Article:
As a relatively green project manager, I naturally assumed the vendors would be “good at doing what they do” and would sell us a quality, well designed package. Wrong answer! What I ultimately got was a pile of very poorly documented, poorly designed units littered with bargain basement instrumentation that broke right after the check cleared. Ultimately we had to replace nearly all of the instruments and gut the controls packages on nearly every skid unit over the next few years. It was a learning experience that changed me forever. After that I had several hard and fast rules concerning skid packaged equipment. They included:

  1. Specify acceptable instruments down to the model number.
  2. Specify the control equipment (PLC, single loop controllers, DCS interface) in exquisite detail. If a DCS is available, ditch the local control and run the signals into the control system to provide visibility, alarming, historical trending and coordinated control with the rest of the plant.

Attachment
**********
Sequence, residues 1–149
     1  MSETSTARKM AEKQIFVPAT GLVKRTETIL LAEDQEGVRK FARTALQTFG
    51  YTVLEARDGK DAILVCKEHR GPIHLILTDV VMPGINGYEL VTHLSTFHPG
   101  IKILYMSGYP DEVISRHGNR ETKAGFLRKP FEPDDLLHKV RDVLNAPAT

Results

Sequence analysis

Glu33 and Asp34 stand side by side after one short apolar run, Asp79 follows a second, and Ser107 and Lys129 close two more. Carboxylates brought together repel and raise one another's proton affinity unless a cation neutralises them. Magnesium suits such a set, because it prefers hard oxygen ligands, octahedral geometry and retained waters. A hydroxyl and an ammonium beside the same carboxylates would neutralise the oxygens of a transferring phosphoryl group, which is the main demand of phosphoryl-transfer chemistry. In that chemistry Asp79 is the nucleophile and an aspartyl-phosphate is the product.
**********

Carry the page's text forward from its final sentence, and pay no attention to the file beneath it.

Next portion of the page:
3. Specify what drawings are to be provided and in what format (i.e., AutoCAD version x)
  4. Demand the right to review all electrical/control drawings prior to fabrication.
  5. Specify any requirements for programming (rung comments, etc.) and specify that all programs are to be provided in advance for review. Also, the final programs must be provided in native format and not locked down/encrypted in any way. (In other words, be sure you own the logic and can edit it if necessary.)